Date: May 30, 2015
Location: Flint Hills Trail, KS
More catch-up… Let’s talk about a GOOD race, shall we?
First of all, I have to say Eric Steele of Epic Ultra puts on one hell of a race. This is my second race with Epic Ultras and both have been great experiences. I actually won this entry as part of a photo contest. I had registered for the 40 miler, but dropped to the marathon. (I now know that this was the start of my thyroid issues… I was becoming increasingly fatigued and a few later would be my first DNS). You have to love a race that the race packet tells you not to whine or be an asshole. Haha.
I am lucky that the Flint Hills trail is nearby and I had the opportunity to run different sections of the trail as part of my training runs. I felt like I had a good expectation of what I would be in for. I had actually trained for the 40 miler, so I was pretty confident that I could hit my goal pace. The only unknown I really had is what would happen after 18 miles. My previous marathon’s course wasn’t runnable after 16 miles, so this was unchartered mileage for me running-wise.
My fellow Skora (and now Orange Mud) ambassador, Geoffrey, was signed up for the race as well. He said he was good with a 11:00 pace on the trail, so we decided to run together. This would be my first time running a “long” race with anyone, other than pacers at a half. It was encouraging to have a buddy to run with!
The actual trail was not muddy (YAY! After Free State trail marathon, I would have been so mad!). The only really wet place was the start line, go figure. So we start the race and run through ankle deep water, immediately getting our shoes and socks soaked. I hadn’t considered the option of trying to go all the way around. I figured, might as well plow right through.
The race started at Celebration Hall in Ottawa, Kansas. From there, you run the paved part of Prairie Spirit Trail out of town before hitting the Flint Hills trail. I think we managed to make most of the lights out of town. I know I was trying really hard to not go out to fast and kept having to pull myself back. It is easier to run pavement and the 11:00 pace felt S-L-O-W. I would check my Garmin and dial back.
When we hit the levee that meets up with Flint, it was a bit more work. The trail was canted and I worked to find a good place to run where I didn’t feel like I was leaving or twisting my ankles. I was really happy when we entered the trail system.
Geoffrey and I gabbed and ran along. I had brought a handheld, after my Camelbak chafing debacle, and planned to just refill at aid stations as I needed to. I also failed to bring any fuel since I knew the aid stations were stocked really well. Around 6 miles, I topped off my water and grabbed a Hammer Gel.
I am not sure the point that I lost him, but I noticed Geoffrey was getting farther and farther behind me. At mile 9, I was on my own and was kicking myself for not bringing my phone and headphones. I got lonely!
As I was getting close to the turnaround in Rantoul, I crossed a few runners heading back… But really, I was wondering, where is everybody? I was on my own and there were not many runners around. Not that I could get lost – I was just getting paranoid. I ran through some ankle deep water in a rather barren stretch along a field. Finally, there was an aid station in Rantoul, and I stopped for a minute to refill my water and drink a couple cups of Coke. I probably grabbed some Pringles as well, but I can’t remember for sure. I headed out back toward Ottawa to finish.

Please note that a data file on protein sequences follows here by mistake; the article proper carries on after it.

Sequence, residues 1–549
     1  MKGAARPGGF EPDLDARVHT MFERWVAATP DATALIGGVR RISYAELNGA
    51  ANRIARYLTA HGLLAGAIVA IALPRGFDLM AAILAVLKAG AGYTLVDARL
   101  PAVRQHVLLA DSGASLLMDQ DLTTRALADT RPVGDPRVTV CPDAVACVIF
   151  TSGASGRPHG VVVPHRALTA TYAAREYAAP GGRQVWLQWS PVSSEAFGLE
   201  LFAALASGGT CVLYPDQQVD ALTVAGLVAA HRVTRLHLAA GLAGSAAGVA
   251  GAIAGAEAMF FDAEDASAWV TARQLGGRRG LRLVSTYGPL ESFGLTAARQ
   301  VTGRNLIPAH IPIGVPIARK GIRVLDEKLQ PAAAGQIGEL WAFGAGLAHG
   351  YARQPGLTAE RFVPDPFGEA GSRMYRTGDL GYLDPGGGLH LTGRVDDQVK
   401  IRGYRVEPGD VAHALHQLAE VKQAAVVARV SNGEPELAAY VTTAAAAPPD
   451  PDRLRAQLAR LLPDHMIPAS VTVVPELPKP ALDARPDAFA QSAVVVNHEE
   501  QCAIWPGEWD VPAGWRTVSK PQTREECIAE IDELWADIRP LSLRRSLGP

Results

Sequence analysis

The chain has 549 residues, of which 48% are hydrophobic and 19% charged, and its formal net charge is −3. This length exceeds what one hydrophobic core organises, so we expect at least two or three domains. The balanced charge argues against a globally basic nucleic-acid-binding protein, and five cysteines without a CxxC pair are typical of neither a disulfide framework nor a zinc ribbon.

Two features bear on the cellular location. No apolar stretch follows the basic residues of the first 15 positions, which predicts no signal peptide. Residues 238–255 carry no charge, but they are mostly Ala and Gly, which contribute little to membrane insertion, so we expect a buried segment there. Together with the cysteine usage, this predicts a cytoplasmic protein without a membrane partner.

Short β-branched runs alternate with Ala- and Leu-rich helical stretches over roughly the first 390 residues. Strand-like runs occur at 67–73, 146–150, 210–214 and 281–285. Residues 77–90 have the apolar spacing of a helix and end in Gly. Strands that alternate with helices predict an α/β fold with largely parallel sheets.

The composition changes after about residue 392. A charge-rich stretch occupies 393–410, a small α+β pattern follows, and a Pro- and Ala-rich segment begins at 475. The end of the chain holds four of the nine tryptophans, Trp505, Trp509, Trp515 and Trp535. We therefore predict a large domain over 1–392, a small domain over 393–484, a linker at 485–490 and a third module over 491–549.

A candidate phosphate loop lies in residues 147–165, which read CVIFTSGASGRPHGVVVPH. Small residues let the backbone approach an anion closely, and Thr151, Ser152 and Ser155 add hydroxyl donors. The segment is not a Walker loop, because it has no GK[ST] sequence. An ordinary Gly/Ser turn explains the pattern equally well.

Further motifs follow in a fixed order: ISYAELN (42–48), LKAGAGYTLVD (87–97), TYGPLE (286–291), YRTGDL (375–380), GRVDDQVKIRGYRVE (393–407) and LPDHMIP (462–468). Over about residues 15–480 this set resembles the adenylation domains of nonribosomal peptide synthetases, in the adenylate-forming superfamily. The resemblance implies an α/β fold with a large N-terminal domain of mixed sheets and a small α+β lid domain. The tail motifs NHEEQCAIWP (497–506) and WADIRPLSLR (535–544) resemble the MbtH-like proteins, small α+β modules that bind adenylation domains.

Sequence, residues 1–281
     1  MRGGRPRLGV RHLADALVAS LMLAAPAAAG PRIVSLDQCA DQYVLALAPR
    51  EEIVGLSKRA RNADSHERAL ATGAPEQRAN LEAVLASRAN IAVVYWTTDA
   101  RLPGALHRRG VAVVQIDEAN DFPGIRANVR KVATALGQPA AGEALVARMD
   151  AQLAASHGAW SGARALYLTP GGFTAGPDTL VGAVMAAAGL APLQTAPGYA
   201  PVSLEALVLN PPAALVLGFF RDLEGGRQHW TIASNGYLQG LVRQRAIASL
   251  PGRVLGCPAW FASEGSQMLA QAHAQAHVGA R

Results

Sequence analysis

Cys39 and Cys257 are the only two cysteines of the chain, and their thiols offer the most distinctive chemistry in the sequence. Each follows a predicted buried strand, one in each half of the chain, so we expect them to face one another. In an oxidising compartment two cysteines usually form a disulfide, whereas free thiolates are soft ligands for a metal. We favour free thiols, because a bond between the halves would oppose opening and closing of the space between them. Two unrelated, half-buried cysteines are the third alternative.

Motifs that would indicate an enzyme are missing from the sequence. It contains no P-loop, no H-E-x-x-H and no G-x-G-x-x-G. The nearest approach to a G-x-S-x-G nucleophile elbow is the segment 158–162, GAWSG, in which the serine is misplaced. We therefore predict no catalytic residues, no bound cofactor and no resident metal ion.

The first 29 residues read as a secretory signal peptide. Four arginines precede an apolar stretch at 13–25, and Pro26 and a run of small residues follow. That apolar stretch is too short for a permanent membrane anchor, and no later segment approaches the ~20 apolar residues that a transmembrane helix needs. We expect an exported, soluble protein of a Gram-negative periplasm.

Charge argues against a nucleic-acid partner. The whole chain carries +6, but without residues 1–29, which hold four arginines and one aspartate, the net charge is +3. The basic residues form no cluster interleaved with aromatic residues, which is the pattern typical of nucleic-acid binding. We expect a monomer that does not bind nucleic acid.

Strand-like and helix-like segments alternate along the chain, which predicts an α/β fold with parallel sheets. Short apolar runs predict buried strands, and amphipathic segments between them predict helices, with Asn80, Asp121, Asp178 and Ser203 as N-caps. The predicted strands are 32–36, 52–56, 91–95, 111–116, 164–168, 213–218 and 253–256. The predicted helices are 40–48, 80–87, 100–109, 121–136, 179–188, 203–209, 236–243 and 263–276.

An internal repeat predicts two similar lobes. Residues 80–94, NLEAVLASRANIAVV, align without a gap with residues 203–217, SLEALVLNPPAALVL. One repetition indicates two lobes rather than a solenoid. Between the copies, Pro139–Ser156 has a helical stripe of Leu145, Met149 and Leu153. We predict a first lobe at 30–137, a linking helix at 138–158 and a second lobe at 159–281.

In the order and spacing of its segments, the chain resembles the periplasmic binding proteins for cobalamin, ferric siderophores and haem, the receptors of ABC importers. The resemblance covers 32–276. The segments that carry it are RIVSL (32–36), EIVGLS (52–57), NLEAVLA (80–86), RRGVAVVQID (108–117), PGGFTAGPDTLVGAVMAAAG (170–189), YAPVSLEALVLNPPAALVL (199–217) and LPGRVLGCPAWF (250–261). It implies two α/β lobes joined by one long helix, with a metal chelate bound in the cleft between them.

I was cruising along pretty well. At some point I crossed Geoffrey as I was heading back. Somewhere around mile 18 I noticed my legs and hips were getting sore. I didn’t really think I was tired – just sore. And ready to be done. Too bad I had 10 miles to go. I started throwing in some walk breaks, as I cursed my legs and wondered why I thought this was a good idea. I could have used some music here.
I was so happy to see the next aid station. I didn’t realize it, but I was hungry. I hadn’t eaten anything but the Hammer Gel early in the race. The volunteer offered me some watermelon, and it was like the greatest thing I had ever eaten. I set back to finish the race. I left the trail system and hit the levee…. To run straight into the wind for what felt like forever. This really drained the life out of me. I wasn’t a fan. The wind definitely slowed me down. From the levee, I headed back into town. I hit a few red lights and stood awkwardly. I felt like the drivers were just staring at me since I am guessing they don’t get too many races going on there. Soon, I was back on the paved path that would take me to the finish. This is where things fell apart for me.
The sidewalk seemed to go on and on. I kept checking my Garmin and I was just miserable. I didn’t seem to be getting anywhere. That last mile, I stopped and cried a couple times. I think I did more walking than running. As I was stopped to feel sorry for myself, a woman passed me. That snapped me out of it. Why did I let this woman pass me? What the heck was I thinking? I started to run. And around the corner was the finish line.
I crossed the finish and was so happy to see my family waiting for me. The race director, Eric, asked me to take a quick picture, and then I hugged my kids. I came in at 5:07:49, just over 5 hours. With my pouty-walking last mile, it brought me down to 11:32 pace overall. I kicked myself for letting my consistent pace go to pot in the last mile. I soon learned I was 2nd AG, 5th female and 14th overall. I was seconds away from being on the race all-time leaderboard. Lesson learned – suck it up. HTFU. Don’t fall apart in the last mile.
My family helped me to our car and asked what I wanted to eat. Again, I just wanted a giant hamburger and waffle fries. But really, I wanted a shower and to go home. So after my shower, I enjoyed my burger in bed. People who will bring your food to you are nice!
Until next time…. 🙂